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RFC: A Distributed Universal SGML/XML Catalogue Management System

From: Nick Kew <nick@webthing.com>
Date: Tue, 9 Sep 2003 21:34:42 +0100 (BST)
To: public-qa-dev@w3.org
Message-ID: <Pine.LNX.4.53.0309092132160.3038@hugin.webthing.com>


Many applications today benefit from an SGML and/or XML Entity Catalogue
to dereference entities referenced by a Public Identifier.  For a
validating SGML parser this is an absolute requirement.  For any
SGML or XML parser it serves to enable entities such as DTDs and
modules to be resolved locally.

Hitherto, different packages and applications have distributed entity
catalogues.  Examples are Docbook, HTML Validators, the OpenSP parser,
and operating system distros.  However, there is little coordination
between the distributors of these, and no common package distributors
can rely on.  Even in tightly-controlled environments such as the
Debian packages, the W3C Validator includes its own Entity
Catalogue rather than relying on it being available as a dependency.

This situation should be rationalised to allow for an SGML and XML
catalogue to be a single package on which other packages can depend.
In this note, we propose a framework for managing such a package.

* To maintain a Universal Catalogue
* To provide an automated process for generating local installations of
  all or part of the Universal Catalogue.
* To minimise the effort and coordination required to ensure that the
  universal catalogues and local installations remain up-to-date.
  In particular, end-users should be offered a self-maintaining default
  installation that eliminates effort on their part altogether.
* To enable control of different parts of the catalogue to be delegated
  to the people/organisations responsible for them.

A loose analogy could be drawn to DNS.  But since immediate lookup of
[SG|X]ML entities is dealt with by SYSTEM ids, we only have to deal with
efficient cacheing of local copies of PUBLIC ids.  Entities are in
general long-lived, but by no means immutable (for example, the MathML 2
DTD modules have undergone several minor revisions).

Managing a Universal Catalogue

In principal, all organisations creating public identifiers should be
registered with ISO.
But this is not widely practiced, and the present chaotic situation
indicates that it is not effectively meeting todays needs.  We propose
that a distributed architecture for automating catalogue management
is both feasible and preferable.

#### ISO registry: availability???

Our proposal envisages a central registry, cooperating with a set of
recognised repositories each managing its own entity catalogue locally.
For example, the W3C, WapForum and Oasis each manage their own catalogues
independently.  Likewise, different groups acting independently within
W3C are responsible for different areas such as HTML, MathML, SVG and
We propose that a universal catalogue will work best if responsibility
for each sub-catalogue is explicitly devolved to the working group
responsible for defining it.  The central registry will serve merely
to reference the reponsible groups, in a manner somewhat analagous to DNS.

This is broadly in line with the registry already run by the ISO but
not widely used.  What our proposal adds is the availability of the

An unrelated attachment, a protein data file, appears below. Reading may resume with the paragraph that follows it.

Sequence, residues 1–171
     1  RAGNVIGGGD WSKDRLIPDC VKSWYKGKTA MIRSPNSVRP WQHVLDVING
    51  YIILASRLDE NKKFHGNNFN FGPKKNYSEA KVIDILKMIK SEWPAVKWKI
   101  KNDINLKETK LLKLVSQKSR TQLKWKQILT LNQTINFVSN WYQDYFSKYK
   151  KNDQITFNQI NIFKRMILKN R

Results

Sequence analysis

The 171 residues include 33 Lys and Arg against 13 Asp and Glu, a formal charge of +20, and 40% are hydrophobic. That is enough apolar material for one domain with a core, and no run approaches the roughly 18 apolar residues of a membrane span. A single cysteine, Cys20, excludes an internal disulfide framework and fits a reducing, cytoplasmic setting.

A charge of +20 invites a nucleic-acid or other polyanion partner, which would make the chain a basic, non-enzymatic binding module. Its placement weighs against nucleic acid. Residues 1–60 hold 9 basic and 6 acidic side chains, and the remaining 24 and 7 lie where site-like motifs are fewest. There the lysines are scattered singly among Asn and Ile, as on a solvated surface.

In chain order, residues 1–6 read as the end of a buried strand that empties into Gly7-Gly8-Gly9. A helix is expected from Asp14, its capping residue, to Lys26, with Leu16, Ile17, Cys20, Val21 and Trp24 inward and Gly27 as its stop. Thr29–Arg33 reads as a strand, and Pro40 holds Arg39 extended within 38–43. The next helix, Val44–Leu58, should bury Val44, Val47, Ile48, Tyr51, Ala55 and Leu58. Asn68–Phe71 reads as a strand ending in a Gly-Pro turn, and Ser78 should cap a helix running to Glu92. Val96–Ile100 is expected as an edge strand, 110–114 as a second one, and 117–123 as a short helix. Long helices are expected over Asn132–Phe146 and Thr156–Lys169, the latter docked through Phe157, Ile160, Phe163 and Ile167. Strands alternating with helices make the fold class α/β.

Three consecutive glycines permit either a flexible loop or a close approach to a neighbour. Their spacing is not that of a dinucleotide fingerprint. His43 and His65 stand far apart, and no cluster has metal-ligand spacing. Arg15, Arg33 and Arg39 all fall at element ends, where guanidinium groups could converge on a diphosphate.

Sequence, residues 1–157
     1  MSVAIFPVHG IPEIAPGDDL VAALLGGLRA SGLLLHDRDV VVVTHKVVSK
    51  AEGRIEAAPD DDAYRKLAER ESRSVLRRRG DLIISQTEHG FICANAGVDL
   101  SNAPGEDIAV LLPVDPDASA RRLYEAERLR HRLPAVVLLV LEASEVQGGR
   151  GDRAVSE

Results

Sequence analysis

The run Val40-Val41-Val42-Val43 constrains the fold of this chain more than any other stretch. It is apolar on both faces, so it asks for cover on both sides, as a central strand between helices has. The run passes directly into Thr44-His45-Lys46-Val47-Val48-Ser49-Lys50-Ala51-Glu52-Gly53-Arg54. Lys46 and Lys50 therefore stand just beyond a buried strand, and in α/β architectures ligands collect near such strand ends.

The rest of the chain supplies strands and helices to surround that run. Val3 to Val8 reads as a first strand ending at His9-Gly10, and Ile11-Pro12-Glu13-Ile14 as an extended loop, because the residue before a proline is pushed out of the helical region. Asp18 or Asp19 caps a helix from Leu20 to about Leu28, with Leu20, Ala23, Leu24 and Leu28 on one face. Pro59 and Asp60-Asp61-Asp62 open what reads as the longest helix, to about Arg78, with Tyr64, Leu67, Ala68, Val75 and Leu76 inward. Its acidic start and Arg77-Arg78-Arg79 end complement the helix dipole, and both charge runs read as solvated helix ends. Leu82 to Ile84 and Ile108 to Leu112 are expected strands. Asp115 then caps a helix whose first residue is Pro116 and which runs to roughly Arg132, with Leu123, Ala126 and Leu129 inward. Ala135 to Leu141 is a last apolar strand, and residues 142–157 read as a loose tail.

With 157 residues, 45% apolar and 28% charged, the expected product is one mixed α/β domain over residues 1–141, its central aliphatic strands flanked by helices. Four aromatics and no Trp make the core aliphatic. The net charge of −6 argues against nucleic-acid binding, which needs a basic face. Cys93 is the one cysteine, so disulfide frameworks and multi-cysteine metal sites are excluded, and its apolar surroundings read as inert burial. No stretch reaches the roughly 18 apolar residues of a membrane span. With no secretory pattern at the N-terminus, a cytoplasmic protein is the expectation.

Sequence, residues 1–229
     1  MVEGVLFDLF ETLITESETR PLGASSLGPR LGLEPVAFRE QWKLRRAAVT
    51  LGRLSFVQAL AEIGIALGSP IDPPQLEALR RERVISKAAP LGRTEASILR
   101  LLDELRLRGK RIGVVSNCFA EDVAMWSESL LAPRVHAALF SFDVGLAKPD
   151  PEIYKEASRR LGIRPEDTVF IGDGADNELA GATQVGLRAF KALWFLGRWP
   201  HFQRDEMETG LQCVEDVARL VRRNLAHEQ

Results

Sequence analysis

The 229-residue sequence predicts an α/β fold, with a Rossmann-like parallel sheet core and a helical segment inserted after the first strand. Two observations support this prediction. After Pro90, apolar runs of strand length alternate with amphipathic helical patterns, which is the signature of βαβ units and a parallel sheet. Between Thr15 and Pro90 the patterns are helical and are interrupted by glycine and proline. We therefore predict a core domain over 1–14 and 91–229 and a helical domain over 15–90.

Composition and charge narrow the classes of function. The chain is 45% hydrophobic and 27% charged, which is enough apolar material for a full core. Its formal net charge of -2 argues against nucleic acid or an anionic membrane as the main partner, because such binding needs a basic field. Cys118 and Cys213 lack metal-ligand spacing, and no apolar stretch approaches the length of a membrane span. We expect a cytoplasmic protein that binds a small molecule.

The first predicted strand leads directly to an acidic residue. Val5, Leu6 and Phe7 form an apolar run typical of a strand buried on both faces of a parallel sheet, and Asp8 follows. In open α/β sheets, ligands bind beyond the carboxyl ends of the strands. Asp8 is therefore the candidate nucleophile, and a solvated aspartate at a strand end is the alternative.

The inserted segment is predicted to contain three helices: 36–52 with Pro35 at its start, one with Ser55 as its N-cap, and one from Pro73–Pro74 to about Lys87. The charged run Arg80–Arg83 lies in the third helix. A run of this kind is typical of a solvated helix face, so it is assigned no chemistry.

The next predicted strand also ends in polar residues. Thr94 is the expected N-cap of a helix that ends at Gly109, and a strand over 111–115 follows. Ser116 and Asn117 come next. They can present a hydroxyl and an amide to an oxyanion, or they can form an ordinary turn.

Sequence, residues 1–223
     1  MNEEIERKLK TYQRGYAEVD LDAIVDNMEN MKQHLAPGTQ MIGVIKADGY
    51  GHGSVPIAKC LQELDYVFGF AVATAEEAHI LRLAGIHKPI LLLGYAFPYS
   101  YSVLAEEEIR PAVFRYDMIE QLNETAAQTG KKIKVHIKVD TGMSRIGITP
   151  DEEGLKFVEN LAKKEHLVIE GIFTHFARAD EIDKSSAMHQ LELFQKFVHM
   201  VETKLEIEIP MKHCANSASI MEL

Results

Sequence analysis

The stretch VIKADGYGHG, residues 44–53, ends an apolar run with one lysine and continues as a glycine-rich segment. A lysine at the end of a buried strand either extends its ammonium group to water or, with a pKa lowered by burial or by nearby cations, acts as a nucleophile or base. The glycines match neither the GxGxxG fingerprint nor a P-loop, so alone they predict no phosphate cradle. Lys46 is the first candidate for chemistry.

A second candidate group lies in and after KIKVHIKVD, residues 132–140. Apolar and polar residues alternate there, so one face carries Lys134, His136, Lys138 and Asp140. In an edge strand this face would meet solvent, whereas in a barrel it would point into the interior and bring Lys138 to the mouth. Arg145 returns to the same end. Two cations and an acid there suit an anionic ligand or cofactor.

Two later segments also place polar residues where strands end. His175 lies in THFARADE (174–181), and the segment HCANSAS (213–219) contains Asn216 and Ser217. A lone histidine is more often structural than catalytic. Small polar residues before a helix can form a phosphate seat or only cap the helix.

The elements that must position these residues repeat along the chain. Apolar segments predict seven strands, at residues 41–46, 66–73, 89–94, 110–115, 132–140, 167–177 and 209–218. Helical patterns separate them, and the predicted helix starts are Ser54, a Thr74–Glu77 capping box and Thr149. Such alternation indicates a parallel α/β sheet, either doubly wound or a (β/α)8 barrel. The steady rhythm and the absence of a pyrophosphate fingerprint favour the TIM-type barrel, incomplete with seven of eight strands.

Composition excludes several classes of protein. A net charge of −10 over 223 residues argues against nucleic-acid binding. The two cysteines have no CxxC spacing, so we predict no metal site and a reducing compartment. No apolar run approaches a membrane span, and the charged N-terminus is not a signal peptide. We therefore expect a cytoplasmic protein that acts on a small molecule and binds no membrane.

registry online in machine-readable format, and its integration with
catalogues maintained by each participating organisation.  It is
possible that tying the registry in to distribution of Markup libraries
and catalogues may in itself be an incentive for organisations to

#### Implications for naming conventions?


Since the Universal Catalogue serves SGML and XML applications, it is
appropriate that it should itself be capable of implementation as an
SGML or XML application.  This is straightforward: all we need is a
DTD for declaring catalogues and catalogue entries, and a list of
entities defining catalogues maintained by the groups entrusted with
doing so.  This is then implemented by a program to fetch the data
required and write the catalogues.  Local installations may be
customised by selecting which entities to include, while package
maintainers can ship a standard configuration.

An implementation demonstrating the above is available at
<URL:http://valet.webthing.com/catalogue/>.  It fetches the master
catalogue, DTD and Entities by HTTP.  It updates all entries defined,
but uses HTTP If-Modified-Since header to avoid the overhead of re-
fetching anything that is already up-to-date in the local installation.
It can therefore be run regularly (e.g. monthly) with minimal overhead.

CatalogueManager may be used as-is, but is intended as a proof-of-concept.
Non-technical issues such as how to delegate responsibility for different
sub-catalogues need to be addressed, and the file format used for
the demonstrator is likely to be subject to improvement.


A package such as CatalogueManager that updates system files based on
third-party definitions has potential to introduce malicious files.
It is strongly recommended that standard system security be used to
avoid serious consequences in the event of any of the sub-catalogues
being compromised.  CatalogueManager should run as a user with no
privilege to write to the local filesystem except within a designated
SGML/XML library area, such as /usr/local/share/sgmlib.
Distributors creating a package such as an RPM of CatalogueManager
should ensure your users' security.

A more inherently secure architecture would generate all local filenames
internally, and is probably preferable.  The current implementation serves
for back-compatibility until the proposal can be considered stable.
Received on Tuesday, 9 September 2003 16:34:46 UTC

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